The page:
Trestle Falls on Dead River

dramatic waterfall below a giant railroad trestle

Gushing upper drop
  • The dark downstream swamp
  • Gushing upper drop
  • Trestle against the blue skies
  • Trestle Falls
  • Lake Superior in the far distance
  • Across the train tracks
  • Steep cliffs to the south
  • Snow covered rocks around the falls
  • Lattice work of the trestle
  • Green, murky water of Dead River

Trestle Falls is among Marquette County's most impressive sights and is also one of the least known waterfalls. The LS&SI railroad crosses an steep river gorge here, reaching over to a sheer rock cliff that rises up impossibly high above the water. Below the towering steel trestle the water pours over a two-tiered drop, the first a narrowing slide into a deep gouge in hard, exposed rock and the lower a tumbled slide tortured by giant blocks of rock. Below these falls the river calms down, entering a sluggish swamp for several miles before entering a more famous set of falls in Marquette.

Directions

Take County Road 502 from US-41, a right turn about 2.5 miles west of Marquette, up to County Road 510. Stay on 510 for 2.5 miles before turning right on Neejee Road. Neejee Road is a winding dirt road on the north side of McClure Basin with a lot of sidetracks leading off to various housing areas. Stick to the main road for 1.2 miles before turning right on McClure Storage Basin Road which will take you to the dam after .9 miles.

The easiest approach is to head directly to Trestle Falls, passing by the dam. Walk down the hill until you bump into the penstock from the dam (it was buried last time I visited and made an odd, straight mound through the woods). Follow the penstock east, away from the dam, until it starts a lazy turn left around a swampy little valley. Turn right with the ATV trail here.

Follow the ATV trail into the woods, avoiding the hunting blind on the way, for a short time. At some point you may be able to see the railroad through the woods (depending on the time of year), which should be before the trail curves back towards the penstock. Head down the hill to the tracks, following it to the right until you bump into the river (maybe a hundred yards along the tracks), before heading down to the river. There is a sign posted warning to stay off the trestle.

From Trestle Falls you can head upstream along the river to Upper Dead River Falls and McClure Dam Falls. The banks are steep and difficult, though not impossible, and a few trials began to crop up near the upper falls.

Comments (5)

  • Mark Piotrowski Jul 8, '14 Alternate route-park at the end of Neejay roar just before the railroad tracks. Follow tracks south to the trestle, can access Trestle, Upper Dead River, and McClure Dam Falls from here, though the path upstream is not an easy one at times. From the same spot, can head along the tracks North, then east to Upper Reany and Holyoke Falls as well.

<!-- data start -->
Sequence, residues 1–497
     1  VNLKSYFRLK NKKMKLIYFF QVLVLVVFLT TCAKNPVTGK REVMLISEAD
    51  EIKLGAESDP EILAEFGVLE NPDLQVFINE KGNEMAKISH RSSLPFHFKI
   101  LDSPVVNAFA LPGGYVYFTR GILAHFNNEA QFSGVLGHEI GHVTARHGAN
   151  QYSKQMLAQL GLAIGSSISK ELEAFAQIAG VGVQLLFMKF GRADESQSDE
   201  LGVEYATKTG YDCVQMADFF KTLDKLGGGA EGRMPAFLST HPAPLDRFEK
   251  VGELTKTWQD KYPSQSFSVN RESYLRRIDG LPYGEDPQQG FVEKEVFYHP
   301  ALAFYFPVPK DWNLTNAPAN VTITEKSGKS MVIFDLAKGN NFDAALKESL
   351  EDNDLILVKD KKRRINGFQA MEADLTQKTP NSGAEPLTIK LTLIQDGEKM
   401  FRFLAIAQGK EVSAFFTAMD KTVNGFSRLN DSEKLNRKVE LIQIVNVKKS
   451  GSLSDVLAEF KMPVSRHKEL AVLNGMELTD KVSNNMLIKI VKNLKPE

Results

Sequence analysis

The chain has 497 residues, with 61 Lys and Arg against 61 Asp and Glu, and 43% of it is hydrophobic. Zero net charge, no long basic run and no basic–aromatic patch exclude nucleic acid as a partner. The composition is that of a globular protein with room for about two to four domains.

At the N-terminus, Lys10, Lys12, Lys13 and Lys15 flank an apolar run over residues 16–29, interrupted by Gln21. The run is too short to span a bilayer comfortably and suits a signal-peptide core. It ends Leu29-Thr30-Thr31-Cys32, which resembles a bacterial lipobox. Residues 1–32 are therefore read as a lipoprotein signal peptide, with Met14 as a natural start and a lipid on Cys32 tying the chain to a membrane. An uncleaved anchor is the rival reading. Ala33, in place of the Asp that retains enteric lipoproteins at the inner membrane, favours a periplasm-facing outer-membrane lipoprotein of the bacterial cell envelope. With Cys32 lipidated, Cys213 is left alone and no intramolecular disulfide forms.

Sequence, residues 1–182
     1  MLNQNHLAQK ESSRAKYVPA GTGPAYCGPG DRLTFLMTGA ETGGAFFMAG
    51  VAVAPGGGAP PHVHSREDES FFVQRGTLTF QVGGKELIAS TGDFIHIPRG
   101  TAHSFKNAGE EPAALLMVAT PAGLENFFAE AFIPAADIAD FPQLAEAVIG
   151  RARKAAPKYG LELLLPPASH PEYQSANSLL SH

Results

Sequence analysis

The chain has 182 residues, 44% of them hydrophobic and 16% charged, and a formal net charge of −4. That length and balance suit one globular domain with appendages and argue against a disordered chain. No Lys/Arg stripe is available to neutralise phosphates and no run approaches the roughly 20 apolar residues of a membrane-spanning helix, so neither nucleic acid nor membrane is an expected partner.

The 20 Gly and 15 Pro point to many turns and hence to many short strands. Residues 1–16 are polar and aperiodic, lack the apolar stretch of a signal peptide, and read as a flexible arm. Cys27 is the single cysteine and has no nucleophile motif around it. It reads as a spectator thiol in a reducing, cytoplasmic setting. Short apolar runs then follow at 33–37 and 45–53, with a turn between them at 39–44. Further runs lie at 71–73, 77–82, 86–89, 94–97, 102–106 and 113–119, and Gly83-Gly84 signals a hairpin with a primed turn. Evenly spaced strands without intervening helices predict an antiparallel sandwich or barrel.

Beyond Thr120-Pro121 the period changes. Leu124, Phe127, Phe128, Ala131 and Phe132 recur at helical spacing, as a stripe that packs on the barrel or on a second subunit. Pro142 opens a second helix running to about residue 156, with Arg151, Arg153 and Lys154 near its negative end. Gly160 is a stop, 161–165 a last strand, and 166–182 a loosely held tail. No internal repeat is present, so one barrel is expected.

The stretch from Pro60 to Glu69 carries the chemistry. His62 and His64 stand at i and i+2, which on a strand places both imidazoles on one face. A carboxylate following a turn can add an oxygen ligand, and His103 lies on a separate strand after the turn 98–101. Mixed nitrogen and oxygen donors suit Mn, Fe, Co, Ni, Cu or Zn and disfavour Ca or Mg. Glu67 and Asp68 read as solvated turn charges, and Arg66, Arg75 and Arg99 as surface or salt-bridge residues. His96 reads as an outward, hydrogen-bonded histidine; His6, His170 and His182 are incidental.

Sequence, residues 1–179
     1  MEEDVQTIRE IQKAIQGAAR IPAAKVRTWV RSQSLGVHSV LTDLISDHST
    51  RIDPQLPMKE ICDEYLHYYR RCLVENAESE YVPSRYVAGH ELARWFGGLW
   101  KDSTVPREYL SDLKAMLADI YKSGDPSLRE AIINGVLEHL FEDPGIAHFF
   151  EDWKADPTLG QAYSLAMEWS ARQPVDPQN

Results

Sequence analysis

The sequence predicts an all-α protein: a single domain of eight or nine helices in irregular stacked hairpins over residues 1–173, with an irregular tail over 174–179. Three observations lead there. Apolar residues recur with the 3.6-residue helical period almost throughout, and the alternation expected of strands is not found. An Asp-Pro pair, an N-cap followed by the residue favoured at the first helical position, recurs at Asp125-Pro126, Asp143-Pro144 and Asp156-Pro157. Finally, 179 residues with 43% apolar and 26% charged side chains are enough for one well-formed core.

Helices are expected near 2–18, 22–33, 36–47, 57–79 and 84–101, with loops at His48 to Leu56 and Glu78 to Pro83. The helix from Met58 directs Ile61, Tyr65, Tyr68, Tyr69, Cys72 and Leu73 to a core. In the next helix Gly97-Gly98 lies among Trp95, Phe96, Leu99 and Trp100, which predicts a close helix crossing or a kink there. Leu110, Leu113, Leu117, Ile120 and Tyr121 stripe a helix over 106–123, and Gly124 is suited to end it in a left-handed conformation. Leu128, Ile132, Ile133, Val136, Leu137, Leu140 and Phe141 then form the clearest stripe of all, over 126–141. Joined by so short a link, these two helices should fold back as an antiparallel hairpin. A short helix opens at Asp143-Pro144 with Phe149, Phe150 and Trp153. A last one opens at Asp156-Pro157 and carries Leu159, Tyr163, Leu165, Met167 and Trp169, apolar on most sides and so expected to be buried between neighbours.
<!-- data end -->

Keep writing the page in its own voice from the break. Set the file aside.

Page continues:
• Jacob Emerick Jul 9, '14 Good to know. That route is more friendly for a nice long waterfall adventure, I suppose, cos the Dead River Falls are right there too. Looks like there may be some ATV tracks that connect the uppermost of the main Dead River Falls, the ones under the power lines, back with the penstock.
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  • Amie Oct 20, '15 Does this one have a different name as well as Trestle? Not that I'm complaining about information being lacking on it, less people, but I can't even find it listed in the Waterfall World Database.
    • Jacob Emerick Oct 26, '15 Ah, no other name that I've heard. In fact, I've found very few references of this waterfall at all. Trestle Falls was something I picked up from another website (that has since been taken down). It's a shame - definitely tall and scenic enough to warrant more attention.
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  • Steve Hanzek May 17, '18 Back in the mid 70's this was a popular destination for NMU students who wanted an adventure. There was no sign warning to stay off the trestle...In fact, I watched college wrestlers climb up the trestle from the bottom to the top... i was a bit smarter... but it was freakin' scary to walk across the trestle, because to climb down to the falls, you needed to cross the trestle if you came in off the highway. The NMU ROTC used the other side to practice rapelling...When school would get out in early June, there was still snow down at the bottom of the gorge, because it was so narrow that sunlight only hit it for maybe an hour a day... An awesome experience... If I had better knees I'd love to revisit it...Add to this discussion
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